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    No Clear Winner Seen Among Stop-Smoking Aids

    Whether you use the nicotine patch, lozenges or Chantix, strong desire to quit is key, experts say

    WebMD News from HealthDay

    By Steven Reinberg

    HealthDay Reporter

    TUESDAY, Jan. 26, 2016 (HealthDay News) -- If you're trying to quit smoking, using the nicotine patch, the drug Chantix, or a combination of the patch and lozenges all appear to work equally well, researchers report.

    "To our surprise, all three treatments were essentially identical," said lead author Dr. Michael Fiore, director of the University of Wisconsin Center for Tobacco Research and Intervention in Madison.

    Results of the three approaches did not differ significantly at either six months or a year, the investigators found. At six months, the quit rate was 23 percent for the patch, 24 percent for Chantix, and 27 percent for the combination of patch and lozenges. At a year, the quit rate was 21 percent, 19 percent and 20 percent, respectively, the findings showed.

    In the past, Chantix (varenicline) or the combination of the nicotine patch and nicotine lozenges were shown in studies to be more effective than the patch alone, he said. "But no one had compared them," Fiore explained.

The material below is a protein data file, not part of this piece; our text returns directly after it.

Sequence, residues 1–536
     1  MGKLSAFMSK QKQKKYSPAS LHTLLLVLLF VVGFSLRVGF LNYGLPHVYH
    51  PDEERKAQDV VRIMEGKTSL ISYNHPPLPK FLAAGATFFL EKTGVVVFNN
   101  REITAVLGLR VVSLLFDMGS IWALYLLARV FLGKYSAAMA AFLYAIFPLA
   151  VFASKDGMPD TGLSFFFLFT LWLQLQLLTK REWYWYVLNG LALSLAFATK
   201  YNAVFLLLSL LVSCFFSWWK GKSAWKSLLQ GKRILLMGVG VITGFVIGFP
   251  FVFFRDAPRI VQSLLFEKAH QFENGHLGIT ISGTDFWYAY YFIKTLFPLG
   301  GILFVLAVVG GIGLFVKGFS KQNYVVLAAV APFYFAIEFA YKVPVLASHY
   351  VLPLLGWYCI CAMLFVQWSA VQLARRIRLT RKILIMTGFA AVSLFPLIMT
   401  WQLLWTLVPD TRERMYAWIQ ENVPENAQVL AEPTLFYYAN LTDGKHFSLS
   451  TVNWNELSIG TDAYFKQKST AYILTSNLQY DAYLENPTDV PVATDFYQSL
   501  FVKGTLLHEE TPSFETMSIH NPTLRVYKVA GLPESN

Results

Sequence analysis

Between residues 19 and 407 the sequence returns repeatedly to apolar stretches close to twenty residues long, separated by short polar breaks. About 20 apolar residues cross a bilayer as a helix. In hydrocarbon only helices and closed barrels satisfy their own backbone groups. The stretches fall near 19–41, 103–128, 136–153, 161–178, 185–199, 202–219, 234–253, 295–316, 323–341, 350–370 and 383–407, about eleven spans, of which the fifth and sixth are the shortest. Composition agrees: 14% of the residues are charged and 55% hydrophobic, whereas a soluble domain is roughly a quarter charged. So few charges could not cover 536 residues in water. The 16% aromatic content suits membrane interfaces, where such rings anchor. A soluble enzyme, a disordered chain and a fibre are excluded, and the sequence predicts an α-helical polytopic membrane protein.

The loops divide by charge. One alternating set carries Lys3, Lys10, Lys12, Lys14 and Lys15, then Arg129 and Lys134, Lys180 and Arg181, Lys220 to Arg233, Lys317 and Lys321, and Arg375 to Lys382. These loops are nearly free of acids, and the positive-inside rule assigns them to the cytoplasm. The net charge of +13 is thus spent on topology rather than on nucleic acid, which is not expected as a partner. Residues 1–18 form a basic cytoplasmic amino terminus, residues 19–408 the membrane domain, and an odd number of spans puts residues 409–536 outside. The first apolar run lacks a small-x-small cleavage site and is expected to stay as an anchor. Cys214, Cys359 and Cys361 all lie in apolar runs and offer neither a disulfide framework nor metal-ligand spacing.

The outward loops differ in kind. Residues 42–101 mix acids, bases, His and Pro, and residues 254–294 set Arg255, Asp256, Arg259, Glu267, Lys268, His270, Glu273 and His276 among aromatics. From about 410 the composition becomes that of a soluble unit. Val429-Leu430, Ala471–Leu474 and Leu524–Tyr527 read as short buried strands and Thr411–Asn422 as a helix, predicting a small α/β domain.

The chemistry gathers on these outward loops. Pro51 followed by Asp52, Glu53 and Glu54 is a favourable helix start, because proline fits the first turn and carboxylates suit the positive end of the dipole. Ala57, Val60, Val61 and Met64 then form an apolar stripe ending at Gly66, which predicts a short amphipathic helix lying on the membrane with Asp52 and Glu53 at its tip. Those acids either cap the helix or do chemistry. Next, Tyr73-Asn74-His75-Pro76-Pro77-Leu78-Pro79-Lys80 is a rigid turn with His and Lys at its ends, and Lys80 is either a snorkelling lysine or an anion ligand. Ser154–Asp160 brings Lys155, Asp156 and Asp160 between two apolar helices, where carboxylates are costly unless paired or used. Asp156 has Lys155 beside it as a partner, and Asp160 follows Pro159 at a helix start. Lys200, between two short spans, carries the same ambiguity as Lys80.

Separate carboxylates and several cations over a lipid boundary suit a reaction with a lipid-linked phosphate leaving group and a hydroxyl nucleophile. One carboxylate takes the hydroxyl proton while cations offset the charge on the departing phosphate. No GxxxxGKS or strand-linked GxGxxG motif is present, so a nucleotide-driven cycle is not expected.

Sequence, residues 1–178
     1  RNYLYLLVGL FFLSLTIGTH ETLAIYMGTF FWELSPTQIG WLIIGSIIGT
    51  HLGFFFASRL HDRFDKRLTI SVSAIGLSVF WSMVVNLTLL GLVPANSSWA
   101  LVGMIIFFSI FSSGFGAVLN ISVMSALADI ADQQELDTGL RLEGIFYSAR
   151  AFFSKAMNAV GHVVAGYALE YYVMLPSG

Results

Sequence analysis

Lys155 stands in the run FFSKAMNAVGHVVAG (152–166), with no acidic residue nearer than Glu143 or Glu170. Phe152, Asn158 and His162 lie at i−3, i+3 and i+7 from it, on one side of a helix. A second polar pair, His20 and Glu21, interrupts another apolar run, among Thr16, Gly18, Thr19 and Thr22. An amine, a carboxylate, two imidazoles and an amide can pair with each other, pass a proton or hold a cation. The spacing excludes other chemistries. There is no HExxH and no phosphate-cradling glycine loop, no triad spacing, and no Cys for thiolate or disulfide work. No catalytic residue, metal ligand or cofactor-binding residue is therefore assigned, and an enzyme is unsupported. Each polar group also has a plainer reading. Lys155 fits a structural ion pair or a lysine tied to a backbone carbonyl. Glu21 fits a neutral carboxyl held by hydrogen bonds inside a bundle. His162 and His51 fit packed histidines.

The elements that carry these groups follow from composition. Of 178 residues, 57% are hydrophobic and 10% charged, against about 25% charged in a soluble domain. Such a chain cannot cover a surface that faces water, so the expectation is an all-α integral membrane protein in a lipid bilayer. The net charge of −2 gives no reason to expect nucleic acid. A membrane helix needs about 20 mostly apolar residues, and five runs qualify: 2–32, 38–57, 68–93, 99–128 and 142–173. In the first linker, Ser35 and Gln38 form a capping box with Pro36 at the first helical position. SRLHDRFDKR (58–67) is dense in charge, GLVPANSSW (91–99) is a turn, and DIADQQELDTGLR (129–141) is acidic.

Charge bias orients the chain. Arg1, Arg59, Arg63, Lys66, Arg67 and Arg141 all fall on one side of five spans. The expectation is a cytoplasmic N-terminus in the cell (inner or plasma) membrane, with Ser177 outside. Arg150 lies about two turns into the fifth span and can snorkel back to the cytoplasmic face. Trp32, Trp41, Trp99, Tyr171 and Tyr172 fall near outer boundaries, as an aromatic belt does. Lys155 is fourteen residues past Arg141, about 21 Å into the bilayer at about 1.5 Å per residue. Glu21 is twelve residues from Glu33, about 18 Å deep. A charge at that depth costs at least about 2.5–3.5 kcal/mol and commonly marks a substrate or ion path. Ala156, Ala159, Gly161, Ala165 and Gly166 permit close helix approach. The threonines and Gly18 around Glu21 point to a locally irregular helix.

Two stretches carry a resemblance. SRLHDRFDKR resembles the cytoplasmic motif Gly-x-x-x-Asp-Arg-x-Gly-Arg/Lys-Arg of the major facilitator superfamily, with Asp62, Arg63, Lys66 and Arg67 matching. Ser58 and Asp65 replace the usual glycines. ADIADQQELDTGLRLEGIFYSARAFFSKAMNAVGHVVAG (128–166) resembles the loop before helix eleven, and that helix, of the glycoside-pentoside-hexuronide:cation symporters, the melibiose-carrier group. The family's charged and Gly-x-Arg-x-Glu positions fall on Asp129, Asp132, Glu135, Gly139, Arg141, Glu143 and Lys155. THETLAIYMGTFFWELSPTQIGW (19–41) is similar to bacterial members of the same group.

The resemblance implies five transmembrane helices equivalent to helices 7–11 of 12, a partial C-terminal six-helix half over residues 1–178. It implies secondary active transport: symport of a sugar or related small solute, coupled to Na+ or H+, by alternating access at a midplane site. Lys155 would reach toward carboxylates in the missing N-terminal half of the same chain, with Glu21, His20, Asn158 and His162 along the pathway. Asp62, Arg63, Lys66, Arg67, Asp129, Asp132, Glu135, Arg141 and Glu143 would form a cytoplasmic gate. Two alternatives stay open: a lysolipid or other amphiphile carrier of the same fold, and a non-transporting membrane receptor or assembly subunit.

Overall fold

Although the reasons why the treatments worked equally well aren't known, wanting to quit smoking has a strong effect, Fiore suggested.

    "A person's desire to quit is really powerful," Fiore said. "The treatments are important and boost quit rates, but that in no way discounts the incredibly powerful influence of a person's commitment to change their behavior -- particularly a behavior so dangerous as smoking is," he said.

    The report was published Jan. 26 in the Journal of the American Medical Association.

    Patricia Folan is director of the Center for Tobacco Control at Northwell Health, in Great Neck, N.Y. She said, "When a smoker tries to quit, there are many factors that influence their decision to try to quit, and their ability to stay quit."

    Reasons people quit include doctor's advice, family pressure, the impact of smoking bans, the cost of smoking, and anti-tobacco ads. In addition, not smoking again depends on motivation, support, level of comfort and use of cessation medications, she said.

    "While studies have demonstrated that cessation medications are an important factor in quitting, a comprehensive approach to quitting is often necessary for success," Folan added.

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